Via that strategy, do you feel like you are going to be modifying any of the performances that are usually showcased?

Well, just in terms of that one event, Arlington Town Day is Sept. 17 and our fundraising event is the following week, Sunday. Arlington is full of talented people. There are a lot of musicians, people from the arts, who have settled in Arlington. I kind of want to use it as a showcase for them, someone like Deborah Hanson-Conant, the electric harpist, who has been Grammy nominated. She’s always been a big supporter of ours and she will be here once again at that event. We’re also going to showcase some of the talented people from local schools. It’s going to be quite something. It’s going to be a real throwback to the days of the Regent as a vaudeville theatre.

In recent years, how do you think the Regent has kept that spirit of vaudeville alive?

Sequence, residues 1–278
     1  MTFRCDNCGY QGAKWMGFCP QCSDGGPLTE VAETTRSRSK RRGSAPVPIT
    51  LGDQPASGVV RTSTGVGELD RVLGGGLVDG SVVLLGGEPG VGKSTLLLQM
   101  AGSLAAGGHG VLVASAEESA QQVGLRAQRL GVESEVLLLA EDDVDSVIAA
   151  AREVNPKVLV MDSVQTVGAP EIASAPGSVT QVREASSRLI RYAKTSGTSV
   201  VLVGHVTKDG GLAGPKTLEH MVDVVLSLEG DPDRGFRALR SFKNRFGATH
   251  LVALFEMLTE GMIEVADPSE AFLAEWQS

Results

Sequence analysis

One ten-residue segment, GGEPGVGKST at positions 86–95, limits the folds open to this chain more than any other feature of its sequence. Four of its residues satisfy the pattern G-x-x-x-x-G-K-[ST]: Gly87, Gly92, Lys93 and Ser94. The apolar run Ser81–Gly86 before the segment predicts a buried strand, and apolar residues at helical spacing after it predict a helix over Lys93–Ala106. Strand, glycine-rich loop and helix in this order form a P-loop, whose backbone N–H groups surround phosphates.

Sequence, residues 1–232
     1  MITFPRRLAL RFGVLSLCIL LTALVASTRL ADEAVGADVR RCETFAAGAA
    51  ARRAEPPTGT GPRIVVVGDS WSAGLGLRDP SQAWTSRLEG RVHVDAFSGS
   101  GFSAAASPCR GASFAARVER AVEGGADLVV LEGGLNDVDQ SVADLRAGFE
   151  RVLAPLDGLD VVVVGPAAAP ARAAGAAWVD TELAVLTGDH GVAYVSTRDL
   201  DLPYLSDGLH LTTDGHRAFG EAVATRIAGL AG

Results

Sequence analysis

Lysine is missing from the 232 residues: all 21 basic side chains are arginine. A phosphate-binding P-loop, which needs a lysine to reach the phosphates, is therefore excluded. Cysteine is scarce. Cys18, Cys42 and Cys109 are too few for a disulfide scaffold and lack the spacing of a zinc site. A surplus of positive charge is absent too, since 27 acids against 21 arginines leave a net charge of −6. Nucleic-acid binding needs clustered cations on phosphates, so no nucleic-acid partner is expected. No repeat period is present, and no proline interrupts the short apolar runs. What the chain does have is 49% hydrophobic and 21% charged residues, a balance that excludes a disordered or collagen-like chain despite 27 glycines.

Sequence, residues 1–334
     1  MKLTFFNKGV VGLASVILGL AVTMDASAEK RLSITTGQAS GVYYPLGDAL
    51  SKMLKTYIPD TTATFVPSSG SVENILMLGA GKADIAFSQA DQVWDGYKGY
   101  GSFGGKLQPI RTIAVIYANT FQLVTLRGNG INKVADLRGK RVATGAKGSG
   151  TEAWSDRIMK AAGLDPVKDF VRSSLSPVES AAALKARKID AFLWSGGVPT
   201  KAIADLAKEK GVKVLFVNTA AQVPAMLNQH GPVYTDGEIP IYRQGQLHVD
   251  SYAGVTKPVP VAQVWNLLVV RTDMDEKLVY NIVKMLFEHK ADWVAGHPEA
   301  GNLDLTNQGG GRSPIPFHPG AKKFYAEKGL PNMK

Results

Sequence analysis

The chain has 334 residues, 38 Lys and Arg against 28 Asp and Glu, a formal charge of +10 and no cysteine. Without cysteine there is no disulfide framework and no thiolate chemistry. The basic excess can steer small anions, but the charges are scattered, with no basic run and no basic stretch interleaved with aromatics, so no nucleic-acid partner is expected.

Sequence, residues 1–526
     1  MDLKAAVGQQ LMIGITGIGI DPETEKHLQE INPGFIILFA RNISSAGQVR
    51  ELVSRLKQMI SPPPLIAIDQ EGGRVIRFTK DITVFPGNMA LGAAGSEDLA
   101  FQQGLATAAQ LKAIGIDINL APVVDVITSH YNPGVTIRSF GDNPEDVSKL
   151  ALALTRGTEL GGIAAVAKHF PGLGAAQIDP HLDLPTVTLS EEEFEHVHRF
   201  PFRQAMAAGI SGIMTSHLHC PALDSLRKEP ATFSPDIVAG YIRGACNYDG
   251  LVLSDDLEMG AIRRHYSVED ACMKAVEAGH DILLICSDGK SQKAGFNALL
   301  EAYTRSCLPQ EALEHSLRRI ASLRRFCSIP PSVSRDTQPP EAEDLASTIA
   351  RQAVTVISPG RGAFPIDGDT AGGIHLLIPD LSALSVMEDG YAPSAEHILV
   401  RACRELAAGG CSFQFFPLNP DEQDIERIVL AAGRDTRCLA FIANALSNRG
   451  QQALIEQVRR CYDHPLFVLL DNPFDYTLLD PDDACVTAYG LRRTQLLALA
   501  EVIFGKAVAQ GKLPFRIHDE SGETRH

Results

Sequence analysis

Part of it is the mix of events that we do here. A lot of what we do here has, in a sense, always been done here. When the Regent first opened in 1916, it was a live vaudeville house. I don’t think it was, starting out, showing movies. And it’s gone through some dark times. But the overall size of the venue and the atmosphere has pretty much stayed the same. Some people have been coming here all their life; they have lived in Arlington for decades. One of the cool things we did recently was our Vegas-style tribute show featuring tributes to Frank Sinatra and Dean Martin. And a woman came, Mrs. Viano; she and her husband were previous owners of the Regent starting in 1946 and she hadn’t been in awhile. She’s now close to 90 years old.  And she was saying how thrilled she was to see such a great show but also that we were keeping things going in the way that she and her husband had. Now, I think throughout its history, there were times that the Regent was primarily a film house. It was the Bombay Cinema before we took over, showing Bollywood films. So I think that we’re really paying tribute to the Regent’s history and continuing the tradition in that we have a little bit of everything: music, theater, dance, comedy, and kids’ shows. But, at the same time, we still have the big screen to show films.